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About the Author
John Grossmann has been a freelance writer of magazine articles and books for nearly all of his working career. He has written on as wide a range of topics as implied by the following list of magazines that have published his work: Air & Space/Smithsonian, Audubon, Cigar Aficionado, Esquire, Geo, Gourmet, Health, Inc., National Geographic Traveler, The New York Times Magazine, Outside, Parade, Saveur, Smithsonian, Sports Illustrated, and USA Weekend. He ghostwrote the 2006 book Smart Moves for Liberal Arts Grads (Ten Speed Press); and before that wrote the 100-year history of one of the nation’s oldest and most successful summer camps, YMCA Camp Belknap, which he attended as a camper and leader and where his two sons have also been campers and leaders.
Read an Excerpt
Sounds of Silence
The day will come when man will have to fight noise as inexorably as cholera and the plague." So said the Nobel Prize-winning bacteriologist Robert Koch in 1905. A century later, that day has drawn much nearer. Today silence has become an endangered species. Our cities, our suburbs, our farm communities, even our most expansive and remote national parks are not free from human noise intrusions. Nor is there relief even at the North Pole; continent-hopping jets see to that. Moreover, fighting noise is not the same as preserving silence. Our typical anti-noise strategies earplugs, noise cancellation headphones, even noise abatement laws offer no real solution because they do nothing to help us reconnect and listen to the land. And the land is speaking.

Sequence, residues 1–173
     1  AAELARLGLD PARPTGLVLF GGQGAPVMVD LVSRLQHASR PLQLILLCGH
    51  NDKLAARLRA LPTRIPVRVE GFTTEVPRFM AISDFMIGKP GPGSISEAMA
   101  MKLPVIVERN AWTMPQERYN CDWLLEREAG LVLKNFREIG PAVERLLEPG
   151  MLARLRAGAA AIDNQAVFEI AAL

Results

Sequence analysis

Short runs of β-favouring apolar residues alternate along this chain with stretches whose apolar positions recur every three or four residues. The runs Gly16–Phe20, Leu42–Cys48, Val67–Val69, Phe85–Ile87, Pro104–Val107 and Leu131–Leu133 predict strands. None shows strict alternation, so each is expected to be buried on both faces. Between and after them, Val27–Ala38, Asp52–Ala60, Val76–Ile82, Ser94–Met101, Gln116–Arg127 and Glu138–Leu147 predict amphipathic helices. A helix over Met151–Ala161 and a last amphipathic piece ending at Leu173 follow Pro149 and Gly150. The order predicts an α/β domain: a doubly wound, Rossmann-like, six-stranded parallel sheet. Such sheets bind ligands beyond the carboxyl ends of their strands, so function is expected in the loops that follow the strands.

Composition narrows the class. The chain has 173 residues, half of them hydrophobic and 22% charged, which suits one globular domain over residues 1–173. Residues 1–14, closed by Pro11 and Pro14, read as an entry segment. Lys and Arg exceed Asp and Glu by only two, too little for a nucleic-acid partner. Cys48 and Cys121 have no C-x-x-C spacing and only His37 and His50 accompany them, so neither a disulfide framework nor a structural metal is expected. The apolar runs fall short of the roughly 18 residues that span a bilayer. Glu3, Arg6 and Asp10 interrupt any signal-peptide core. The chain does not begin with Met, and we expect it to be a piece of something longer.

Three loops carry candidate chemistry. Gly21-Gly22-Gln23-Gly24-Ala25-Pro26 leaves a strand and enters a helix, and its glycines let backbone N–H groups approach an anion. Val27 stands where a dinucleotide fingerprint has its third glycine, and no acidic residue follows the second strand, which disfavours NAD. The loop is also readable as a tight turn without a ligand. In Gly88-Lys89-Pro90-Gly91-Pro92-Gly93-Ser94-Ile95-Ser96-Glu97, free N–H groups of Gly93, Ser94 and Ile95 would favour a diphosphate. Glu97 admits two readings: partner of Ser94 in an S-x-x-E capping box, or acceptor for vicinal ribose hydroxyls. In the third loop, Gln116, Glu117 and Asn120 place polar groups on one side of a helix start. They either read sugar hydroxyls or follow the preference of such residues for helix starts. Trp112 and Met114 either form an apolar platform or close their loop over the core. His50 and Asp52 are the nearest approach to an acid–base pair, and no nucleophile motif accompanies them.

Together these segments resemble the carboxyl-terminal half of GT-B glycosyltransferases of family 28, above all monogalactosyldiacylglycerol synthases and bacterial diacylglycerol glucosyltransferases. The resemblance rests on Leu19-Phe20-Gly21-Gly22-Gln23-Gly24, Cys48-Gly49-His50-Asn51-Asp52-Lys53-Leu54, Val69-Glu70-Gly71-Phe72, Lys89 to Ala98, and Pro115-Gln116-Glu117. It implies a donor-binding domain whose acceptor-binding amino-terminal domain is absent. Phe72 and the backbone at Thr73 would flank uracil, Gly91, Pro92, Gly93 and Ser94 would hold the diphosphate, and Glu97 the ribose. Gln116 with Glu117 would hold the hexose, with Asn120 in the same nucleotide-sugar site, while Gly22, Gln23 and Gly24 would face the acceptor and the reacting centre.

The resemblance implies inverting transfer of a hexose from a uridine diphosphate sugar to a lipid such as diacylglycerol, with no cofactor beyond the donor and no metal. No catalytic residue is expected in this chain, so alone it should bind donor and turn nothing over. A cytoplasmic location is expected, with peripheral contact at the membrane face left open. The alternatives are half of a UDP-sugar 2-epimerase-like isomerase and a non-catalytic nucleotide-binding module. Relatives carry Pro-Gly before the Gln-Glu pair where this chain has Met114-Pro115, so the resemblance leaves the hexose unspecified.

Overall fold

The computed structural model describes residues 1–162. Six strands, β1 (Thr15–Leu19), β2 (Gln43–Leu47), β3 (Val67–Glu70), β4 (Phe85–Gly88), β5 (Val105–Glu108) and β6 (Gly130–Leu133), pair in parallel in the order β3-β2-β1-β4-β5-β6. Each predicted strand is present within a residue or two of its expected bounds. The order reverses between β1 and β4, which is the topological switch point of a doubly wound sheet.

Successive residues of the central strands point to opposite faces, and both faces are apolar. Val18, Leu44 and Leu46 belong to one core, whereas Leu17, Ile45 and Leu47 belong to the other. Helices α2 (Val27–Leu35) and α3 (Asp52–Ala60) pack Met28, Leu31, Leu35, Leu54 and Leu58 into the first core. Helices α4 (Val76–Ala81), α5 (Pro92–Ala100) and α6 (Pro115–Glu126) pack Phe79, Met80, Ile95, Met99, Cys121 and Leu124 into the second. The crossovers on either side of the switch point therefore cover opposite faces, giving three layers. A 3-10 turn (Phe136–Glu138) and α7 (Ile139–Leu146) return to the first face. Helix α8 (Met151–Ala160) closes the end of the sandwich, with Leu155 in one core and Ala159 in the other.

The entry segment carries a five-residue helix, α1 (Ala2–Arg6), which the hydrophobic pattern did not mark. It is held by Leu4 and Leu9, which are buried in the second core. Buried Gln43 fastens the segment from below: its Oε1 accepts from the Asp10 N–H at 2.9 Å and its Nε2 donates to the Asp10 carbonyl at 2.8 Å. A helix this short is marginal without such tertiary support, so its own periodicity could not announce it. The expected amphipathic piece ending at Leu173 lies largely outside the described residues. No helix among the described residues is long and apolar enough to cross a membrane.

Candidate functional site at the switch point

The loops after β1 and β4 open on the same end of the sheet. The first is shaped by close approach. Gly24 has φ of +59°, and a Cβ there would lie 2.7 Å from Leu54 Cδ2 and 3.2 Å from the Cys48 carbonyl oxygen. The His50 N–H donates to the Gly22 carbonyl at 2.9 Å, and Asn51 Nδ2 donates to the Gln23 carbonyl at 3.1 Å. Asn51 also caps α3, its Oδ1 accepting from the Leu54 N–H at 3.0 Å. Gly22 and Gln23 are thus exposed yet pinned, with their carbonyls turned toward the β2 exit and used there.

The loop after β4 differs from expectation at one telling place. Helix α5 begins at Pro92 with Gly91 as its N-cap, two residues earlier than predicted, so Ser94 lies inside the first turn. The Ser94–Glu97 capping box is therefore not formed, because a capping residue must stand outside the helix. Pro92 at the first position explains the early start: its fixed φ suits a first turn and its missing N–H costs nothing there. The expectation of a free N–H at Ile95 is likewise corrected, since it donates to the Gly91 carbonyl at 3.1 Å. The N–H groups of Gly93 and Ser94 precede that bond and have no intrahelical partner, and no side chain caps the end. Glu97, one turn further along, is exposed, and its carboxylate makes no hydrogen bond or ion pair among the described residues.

We've reached a time in human history when our global environmental crisis requires that we make permanent life-style changes. More than ever before, we need to fall back in love with the land. Silence is our meeting place.
It is our birthright to listen, quietly and undisturbed, to the natural environment and take whatever meanings we may. Long before the noises of mankind, there were only the sounds of the natural world. Our ears evolved perfectly tuned to hear these sounds sounds that far exceed the range of human speech or even our most ambitious musical performances: a passing breeze that indicates a weather change, the first birdsongs of spring heralding a regreening of the land and a return to growth and prosperity, an approaching storm promising relief from a drought, and the shifting tide reminding us of the celestial ballet. All of theseexperiences connect us back to the land and to our evolutionary past.
One Square Inch of Silence is more than a book; it is a place in the Hoh Rain Forest, part of Olympic National Park arguably the quietest place in the United States. But it, too, is endangered, protected only by a policy that is neither practiced by the National Park Service itself nor supported by adequate laws. My hope is that this book will trigger a quiet awakening in all those willing to become true listeners.